*
* Enders, Applied Econometric Time Series, 4th edition
* Example from Section 2.12, Pages 106-108
* Recursive Least Squares
*
open data y_break.xls
data(format=xls,org=columns) 1 150 entry y_break
*
linreg y_break
# constant y_break{1}
*
* RLS is similar to LINREG, but does recursive least squares estimates.
* The residuals are the recursive residuals, and you can get the
* histories of the coefficient and standard error estimates through the
* sample.
*
rls(cohistory=coh,sehistory=seh) y_break
# constant y_break{1}
*
set rresids = %resids
*
spgraph(vfields=3,footer="Recursive Estimates")
graph(header="Panel(a): The series")
# y_break
set lower = coh(1)-2*seh(1)
set upper = coh(1)+2*seh(1)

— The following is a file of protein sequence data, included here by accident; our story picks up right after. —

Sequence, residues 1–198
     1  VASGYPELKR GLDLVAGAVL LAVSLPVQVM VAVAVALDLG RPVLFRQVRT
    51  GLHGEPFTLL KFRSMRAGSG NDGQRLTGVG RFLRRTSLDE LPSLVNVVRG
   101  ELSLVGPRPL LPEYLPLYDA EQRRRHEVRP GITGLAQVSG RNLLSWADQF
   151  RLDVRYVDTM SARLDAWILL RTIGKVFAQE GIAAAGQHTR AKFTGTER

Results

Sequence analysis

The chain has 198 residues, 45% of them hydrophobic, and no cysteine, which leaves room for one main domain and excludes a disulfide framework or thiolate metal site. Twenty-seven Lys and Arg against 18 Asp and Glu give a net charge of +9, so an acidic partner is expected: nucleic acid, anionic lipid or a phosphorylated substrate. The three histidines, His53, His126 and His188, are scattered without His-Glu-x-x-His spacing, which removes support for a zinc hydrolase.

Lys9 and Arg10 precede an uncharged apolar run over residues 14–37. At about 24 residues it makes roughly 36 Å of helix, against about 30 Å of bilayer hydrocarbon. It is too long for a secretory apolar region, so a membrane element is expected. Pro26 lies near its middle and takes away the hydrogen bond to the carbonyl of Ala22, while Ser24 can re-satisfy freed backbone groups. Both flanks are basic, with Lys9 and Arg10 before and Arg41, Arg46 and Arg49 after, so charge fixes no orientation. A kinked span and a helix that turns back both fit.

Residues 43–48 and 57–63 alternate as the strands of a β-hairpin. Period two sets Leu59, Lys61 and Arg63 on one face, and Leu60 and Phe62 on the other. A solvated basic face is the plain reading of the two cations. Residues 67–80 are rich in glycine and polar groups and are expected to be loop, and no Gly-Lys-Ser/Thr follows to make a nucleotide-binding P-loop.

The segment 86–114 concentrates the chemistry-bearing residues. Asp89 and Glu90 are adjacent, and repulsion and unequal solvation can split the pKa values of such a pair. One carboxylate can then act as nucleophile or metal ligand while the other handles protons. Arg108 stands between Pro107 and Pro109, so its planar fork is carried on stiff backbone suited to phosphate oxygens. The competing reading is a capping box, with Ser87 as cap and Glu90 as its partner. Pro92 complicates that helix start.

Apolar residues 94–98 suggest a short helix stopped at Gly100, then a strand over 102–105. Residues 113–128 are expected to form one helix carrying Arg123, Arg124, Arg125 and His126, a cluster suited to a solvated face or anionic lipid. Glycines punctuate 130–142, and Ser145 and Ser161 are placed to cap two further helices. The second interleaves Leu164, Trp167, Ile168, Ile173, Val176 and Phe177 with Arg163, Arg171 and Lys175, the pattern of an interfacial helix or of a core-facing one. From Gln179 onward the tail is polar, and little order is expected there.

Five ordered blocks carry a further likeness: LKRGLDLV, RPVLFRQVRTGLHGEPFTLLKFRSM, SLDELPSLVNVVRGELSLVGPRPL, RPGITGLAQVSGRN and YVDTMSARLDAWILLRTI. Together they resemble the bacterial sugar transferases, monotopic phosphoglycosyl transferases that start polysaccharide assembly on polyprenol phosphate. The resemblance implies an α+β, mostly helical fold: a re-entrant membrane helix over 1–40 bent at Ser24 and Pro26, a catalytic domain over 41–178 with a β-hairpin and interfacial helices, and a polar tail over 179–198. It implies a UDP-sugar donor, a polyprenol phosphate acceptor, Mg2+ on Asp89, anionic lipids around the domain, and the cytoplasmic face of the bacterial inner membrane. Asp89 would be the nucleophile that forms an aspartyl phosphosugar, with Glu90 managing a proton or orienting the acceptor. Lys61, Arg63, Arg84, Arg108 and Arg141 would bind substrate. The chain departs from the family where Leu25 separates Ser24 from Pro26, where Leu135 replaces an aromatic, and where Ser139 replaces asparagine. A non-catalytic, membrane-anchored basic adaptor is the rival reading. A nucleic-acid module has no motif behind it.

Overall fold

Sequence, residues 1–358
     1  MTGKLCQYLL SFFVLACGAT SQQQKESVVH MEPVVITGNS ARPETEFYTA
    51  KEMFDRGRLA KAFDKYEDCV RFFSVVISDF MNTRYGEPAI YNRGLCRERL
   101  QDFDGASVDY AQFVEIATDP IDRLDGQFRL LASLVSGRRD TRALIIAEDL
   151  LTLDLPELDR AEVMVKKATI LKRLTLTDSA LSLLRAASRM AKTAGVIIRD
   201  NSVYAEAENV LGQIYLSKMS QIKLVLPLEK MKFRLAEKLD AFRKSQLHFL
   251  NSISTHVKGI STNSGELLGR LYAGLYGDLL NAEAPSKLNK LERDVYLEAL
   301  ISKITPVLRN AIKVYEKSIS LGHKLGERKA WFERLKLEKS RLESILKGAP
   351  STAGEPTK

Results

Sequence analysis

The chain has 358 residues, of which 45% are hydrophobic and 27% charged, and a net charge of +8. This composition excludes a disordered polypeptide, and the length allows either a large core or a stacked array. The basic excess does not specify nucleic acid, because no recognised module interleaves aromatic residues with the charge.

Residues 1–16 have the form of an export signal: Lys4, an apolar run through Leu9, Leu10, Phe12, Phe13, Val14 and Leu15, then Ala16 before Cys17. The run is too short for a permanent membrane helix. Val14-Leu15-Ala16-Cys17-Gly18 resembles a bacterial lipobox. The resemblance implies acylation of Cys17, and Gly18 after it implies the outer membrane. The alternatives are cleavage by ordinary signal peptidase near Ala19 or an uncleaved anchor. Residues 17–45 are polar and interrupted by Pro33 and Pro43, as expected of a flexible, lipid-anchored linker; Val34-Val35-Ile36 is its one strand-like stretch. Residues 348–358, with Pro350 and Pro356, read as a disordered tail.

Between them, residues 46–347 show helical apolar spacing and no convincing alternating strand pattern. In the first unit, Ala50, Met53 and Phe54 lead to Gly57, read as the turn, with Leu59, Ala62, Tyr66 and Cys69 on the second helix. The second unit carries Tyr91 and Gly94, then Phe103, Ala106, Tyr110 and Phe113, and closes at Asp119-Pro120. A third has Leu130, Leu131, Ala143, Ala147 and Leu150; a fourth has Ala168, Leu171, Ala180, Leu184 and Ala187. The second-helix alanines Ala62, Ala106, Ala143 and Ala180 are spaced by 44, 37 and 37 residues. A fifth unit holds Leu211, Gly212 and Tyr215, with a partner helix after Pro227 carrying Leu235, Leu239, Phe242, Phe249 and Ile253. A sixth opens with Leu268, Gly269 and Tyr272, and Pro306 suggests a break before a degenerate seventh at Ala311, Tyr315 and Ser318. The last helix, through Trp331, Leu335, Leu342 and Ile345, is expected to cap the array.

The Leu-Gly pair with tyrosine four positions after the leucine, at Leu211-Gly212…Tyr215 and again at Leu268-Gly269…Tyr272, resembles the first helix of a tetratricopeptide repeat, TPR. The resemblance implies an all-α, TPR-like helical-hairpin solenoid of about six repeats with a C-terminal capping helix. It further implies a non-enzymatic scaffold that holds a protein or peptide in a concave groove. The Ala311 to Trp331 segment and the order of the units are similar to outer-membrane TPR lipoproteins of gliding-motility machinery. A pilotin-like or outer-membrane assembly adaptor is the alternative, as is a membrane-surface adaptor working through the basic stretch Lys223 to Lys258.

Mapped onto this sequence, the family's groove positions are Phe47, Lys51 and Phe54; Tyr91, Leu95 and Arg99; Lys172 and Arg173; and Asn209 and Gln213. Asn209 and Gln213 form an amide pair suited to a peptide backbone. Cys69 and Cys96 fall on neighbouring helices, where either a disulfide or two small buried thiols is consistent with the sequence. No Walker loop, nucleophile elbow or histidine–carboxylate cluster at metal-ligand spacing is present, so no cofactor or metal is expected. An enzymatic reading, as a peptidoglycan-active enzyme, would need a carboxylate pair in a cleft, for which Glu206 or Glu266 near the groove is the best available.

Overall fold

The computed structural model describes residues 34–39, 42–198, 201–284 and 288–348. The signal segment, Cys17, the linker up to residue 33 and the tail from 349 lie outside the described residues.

graph(header="Panel(b): Intercept") 3
# coh(1) 4 *
# lower 4 * 2
# upper 4 * 2
set lower = coh(2)-2*seh(2)
set upper = coh(2)+2*seh(2)
graph(header="Panel(c): AR(1) coefficient") 3
# coh(2) 4 *
# lower 4 * 2
# upper 4 * 2
spgraph(done)
*
* The @CusumTests procedure does both the CUSUM test shown in figure
* 2.10, and the CUSUMSQ test, which uses a normalized sum of squared
* recursive residuals.
*
@CusumTests rresids
*
* Create a dummy for the last 50 data points (101-150) and include in the
* regression to check for a break in the intercept.
*
set d100 = t>100
*
linreg y_break
# constant y_break{1} d100
*
* Create a dummied version of the regressor, add that to the regression and do a
* joint test of the pair of dummied variables.
*
set d100ylag = d100*y_break{1}
*
linreg y_break
# constant y_break{1} d100 d100ylag
exclude(title="Test of dummies")
# d100 d100ylag
*
* This estimates the best break using "time" as the threshold and does
* 100 bootstrap replications.
*
@threshtest(graph,nreps=100) y_break
# constant y_break{1}